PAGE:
When your site is susceptible to storms of any sort, don't throw caution to the wind. It's easy to forget your roof is up there – until it's caving in around you.
Whether you're facing wind, winter, or whatever the elements may bring, have a plan in place and make sure your building's roof is prepared for extreme weather. Human optimism makes us believe the worst won't come, and then it takes us by storm.
"We're seeing record temperatures, several inches of rain overnight, damaging winds, regional power failures, and building collapse from accumulated snow or plugged drains," says Richard L. Fricklas, former technical director emeritus of the Roofing Industry Educational Institute. "It's one thing to read about these things in the local newspaper – quite another when they affect your building and its occupants."
Successful handling of severe storms requires preparation, emergency response, and damage assessment. Take these steps to weather the risks of extreme conditions.
Plan for the Worst
Preparation revolves around personnel and procedures, but you should first assess the condition of your assets.
"The secret to successful roof management begins with an evaluation of existing roofs," Fricklas says. "This could be performed by skilled in-house staff or by an outside roof consulting firm."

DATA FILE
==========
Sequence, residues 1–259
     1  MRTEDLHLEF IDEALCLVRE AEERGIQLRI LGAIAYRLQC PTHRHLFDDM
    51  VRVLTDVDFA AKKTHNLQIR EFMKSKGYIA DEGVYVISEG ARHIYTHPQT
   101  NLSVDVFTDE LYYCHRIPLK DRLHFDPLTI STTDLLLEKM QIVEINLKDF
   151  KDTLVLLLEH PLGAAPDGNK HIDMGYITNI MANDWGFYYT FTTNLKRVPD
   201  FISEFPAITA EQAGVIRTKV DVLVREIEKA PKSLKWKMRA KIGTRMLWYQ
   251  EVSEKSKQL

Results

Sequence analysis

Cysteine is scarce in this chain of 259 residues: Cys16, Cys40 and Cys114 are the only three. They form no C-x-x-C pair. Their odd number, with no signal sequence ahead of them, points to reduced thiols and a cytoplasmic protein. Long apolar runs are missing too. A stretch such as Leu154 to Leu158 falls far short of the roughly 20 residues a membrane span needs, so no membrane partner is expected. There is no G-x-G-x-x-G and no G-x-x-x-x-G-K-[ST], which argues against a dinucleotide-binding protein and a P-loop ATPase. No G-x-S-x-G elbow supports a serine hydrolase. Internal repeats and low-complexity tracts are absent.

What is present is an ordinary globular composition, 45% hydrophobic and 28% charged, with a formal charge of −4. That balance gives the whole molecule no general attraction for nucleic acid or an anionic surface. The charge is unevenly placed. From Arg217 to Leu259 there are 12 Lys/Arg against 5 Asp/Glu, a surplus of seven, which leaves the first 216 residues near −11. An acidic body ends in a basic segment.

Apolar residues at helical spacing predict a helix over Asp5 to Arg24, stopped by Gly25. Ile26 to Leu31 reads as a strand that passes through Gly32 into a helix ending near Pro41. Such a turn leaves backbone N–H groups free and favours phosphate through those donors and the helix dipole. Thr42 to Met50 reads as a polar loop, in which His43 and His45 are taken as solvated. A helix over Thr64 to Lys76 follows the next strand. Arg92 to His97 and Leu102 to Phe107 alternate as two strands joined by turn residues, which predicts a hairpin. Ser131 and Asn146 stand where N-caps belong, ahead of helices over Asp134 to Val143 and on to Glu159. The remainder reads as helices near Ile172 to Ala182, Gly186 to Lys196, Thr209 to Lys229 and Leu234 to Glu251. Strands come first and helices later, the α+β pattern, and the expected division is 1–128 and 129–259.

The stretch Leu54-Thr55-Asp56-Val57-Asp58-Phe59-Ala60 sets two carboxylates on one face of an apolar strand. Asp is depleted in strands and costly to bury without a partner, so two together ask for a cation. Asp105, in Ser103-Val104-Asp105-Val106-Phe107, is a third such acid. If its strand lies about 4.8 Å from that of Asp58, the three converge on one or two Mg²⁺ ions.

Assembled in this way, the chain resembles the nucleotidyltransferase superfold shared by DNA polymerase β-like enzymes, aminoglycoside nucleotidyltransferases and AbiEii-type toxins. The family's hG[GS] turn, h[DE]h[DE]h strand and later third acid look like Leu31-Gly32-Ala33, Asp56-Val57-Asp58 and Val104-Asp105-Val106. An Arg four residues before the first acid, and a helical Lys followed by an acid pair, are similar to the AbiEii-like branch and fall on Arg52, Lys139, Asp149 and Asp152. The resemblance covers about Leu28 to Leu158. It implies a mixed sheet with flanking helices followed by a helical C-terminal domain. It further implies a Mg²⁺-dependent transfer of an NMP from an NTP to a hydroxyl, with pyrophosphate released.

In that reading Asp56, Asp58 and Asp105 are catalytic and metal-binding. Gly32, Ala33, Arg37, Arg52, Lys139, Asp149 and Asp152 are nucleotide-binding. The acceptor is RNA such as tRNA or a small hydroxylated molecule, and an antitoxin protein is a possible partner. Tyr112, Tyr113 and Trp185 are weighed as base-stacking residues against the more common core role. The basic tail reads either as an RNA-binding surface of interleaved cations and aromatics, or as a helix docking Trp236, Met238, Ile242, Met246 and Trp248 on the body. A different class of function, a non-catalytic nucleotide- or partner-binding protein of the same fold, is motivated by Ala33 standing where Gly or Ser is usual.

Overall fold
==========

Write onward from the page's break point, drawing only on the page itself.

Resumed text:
Your existing maintenance program should already include semi-annual inspections. If it doesn't, be sure to perform walkthroughs prior to severe weather seasons.
"The best way to prepare is to maintain," says Steven L. McBride, president of Professional Roof Consultants (PRC). "Look for obvious signs of defect and make sure things are buttoned up."
Pay close attention to penetrations, flashings, and joints. Also verify that drains and screens are clear and functional. These areas are especially vulnerable during winter weather that poses the threat of moisture infiltration, but they also offer entry points for air in the event of extreme wind. .
The inspection of your roofs may reveal that your in-house maintenance staff is ill-prepared for a roofing emergency, Fricklas notes.
"Meet with key personnel and discuss what to do in the event of an emergency. At what point should snow removal tools be placed on the roof, and where should snow from the roof be dumped?" he adds. "If severe winds are predicted, address the placement of sandbags and where safety equipment is located."
Building personnel must have a comprehensive understanding of the building envelope. Communication between managers, staff, and contractors requires a common language. Fricklas recommends attending the programs offered by the RCI, an association of envelope consultants, architects, and engineers. Visit www.rci-online.org for subjects and schedules.
Before an event can occur, identify what exactly the manufacturer's warranty covers. Because extreme storm losses usually aren't included, make sure they are covered by your insurance provider.
"You can write a high wind warranty into the specification if you pay a premium," McBride explains. "If you're in a high-risk location, that's all the more reason to do so. Not everything is covered."